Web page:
During a late-night TV binge, I landed on Hell’s Kitchen. Watching celebrity chef Gordon Ramsay spit out fiery insults at his apprentice chefs—a tactic he justified as helping them to improve their skills in the kitchen—I laughed at the absurdity of his comments.
Then I was struck by a terrifying thought. Is this really how some bosses motivate their staff? Ramsay’s tactics certainly make for entertaining television, but here in the real world, there’s mounting evidence to show the tough-boss approach is not the way to achieve results.
With more research showing the negative impact of stress in the workplace—such as bringing down employee morale; causing physical health issues, including high blood pressure and lower immune function; and resulting in high employee turnover—a shift away from the carrot-stick approach of the past and toward a culture of kindness may be what’s needed to succeed.
Emma Seppala, associate director of the Center for Compassion and Altruism Research and Education at Stanford University, says compassionate workplaces are not only good for employees' mental and physical health, but for a company’s bottom line.
Here are some of the benefits of a compassionate workplace:
People are more productive and creative when they have more positive emotions. One Gallup study by researcher James Harter found sales and profits could be predicted by employees’ feelings about the organization. While negative feelings toward one’s job or company resulted in decreased sales, positive feelings generated the opposite effect.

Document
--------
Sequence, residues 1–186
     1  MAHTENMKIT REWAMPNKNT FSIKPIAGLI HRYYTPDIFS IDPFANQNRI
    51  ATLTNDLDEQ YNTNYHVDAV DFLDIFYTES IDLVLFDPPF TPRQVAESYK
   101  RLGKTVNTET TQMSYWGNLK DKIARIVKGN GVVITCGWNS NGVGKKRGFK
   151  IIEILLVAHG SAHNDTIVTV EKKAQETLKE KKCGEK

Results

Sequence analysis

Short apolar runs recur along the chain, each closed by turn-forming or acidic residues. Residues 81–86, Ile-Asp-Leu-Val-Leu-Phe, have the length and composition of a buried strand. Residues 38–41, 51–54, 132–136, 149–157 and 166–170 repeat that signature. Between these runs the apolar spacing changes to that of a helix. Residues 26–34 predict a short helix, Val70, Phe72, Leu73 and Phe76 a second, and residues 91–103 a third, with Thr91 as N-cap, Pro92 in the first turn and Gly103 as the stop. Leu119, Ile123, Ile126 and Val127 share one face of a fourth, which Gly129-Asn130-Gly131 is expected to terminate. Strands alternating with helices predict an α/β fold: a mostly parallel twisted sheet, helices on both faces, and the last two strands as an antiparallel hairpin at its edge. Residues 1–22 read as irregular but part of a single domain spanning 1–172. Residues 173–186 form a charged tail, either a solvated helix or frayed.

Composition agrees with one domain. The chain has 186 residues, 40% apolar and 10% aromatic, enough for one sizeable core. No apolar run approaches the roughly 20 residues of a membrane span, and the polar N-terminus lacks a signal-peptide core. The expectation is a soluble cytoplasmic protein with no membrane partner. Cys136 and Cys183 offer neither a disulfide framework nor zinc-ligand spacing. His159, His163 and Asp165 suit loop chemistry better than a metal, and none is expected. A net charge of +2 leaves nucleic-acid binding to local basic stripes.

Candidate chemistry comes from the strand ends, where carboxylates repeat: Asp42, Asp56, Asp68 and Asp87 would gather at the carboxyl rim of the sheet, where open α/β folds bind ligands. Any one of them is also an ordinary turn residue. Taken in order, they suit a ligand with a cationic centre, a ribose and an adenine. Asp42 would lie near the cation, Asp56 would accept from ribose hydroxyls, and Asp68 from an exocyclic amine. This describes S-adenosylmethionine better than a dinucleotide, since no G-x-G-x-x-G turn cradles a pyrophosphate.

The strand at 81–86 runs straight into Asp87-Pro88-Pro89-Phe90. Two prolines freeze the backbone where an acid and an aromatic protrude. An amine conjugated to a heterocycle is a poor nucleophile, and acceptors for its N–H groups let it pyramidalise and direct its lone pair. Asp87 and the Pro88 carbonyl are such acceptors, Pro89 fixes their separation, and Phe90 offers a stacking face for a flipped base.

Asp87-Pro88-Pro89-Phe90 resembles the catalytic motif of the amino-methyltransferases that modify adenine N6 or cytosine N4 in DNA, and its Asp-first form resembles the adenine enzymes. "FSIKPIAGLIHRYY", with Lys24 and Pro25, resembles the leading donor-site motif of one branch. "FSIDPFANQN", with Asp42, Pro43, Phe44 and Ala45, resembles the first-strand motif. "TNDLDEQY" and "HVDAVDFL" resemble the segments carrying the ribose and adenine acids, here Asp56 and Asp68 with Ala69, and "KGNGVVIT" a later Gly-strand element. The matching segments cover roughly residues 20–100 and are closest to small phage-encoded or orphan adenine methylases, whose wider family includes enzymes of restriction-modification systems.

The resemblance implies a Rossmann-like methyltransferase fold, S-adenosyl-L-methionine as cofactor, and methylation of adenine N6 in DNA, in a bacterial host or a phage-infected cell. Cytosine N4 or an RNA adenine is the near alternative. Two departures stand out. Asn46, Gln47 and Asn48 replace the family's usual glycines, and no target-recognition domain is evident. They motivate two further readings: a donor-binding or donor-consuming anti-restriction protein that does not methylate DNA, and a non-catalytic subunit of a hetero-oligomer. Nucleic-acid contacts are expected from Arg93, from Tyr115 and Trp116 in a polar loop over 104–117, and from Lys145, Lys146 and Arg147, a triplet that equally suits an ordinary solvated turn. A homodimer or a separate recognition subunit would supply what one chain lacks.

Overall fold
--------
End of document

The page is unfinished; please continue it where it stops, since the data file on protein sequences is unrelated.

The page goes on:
People who experience positive emotions at work have lower heart rates and blood pressure and stronger immune systems. The opposite is also true.
"A lack of bonding with the workplace will increase your blood pressure and your psychological distress," says Seppala.
A compassionate, supportive environment builds higher-quality relationships with coworkers and with clients. When you’re in a positive mood at work, you’re more willing to help out your peers and are nicer to clients. This results in a more positive customer experience, and generates greater customer loyalty.
While some leaders avoid showing their kind and compassionate side for fear of appearing soft, Seppala says leaders who adopt draconian management styles have less loyal followings than those who show their soft side.
"When we have a leader that is giving and is not working out of direct self-interest but is selfless, their followers are more likely to be more loyal and more committed," says Seppala, citing Martin Luther King Jr. and Mahatma Gandhi as examples of compassionate leaders who have inspired millions of loyal followers.
The importance of a positive relationship between employees and leaders was highlighted by a 2012 study that showed of those who reported not loving their job, 65% said a better boss would make them happier, while only 35% said a pay raise would do the same.
Seppala argues the creation of a compassionate work environment begins with leaders. When leaders act in a self-sacrificing, service-oriented way, she explains, employees are more likely to be helpful and friendly to each other; creating a chain reaction of kindness.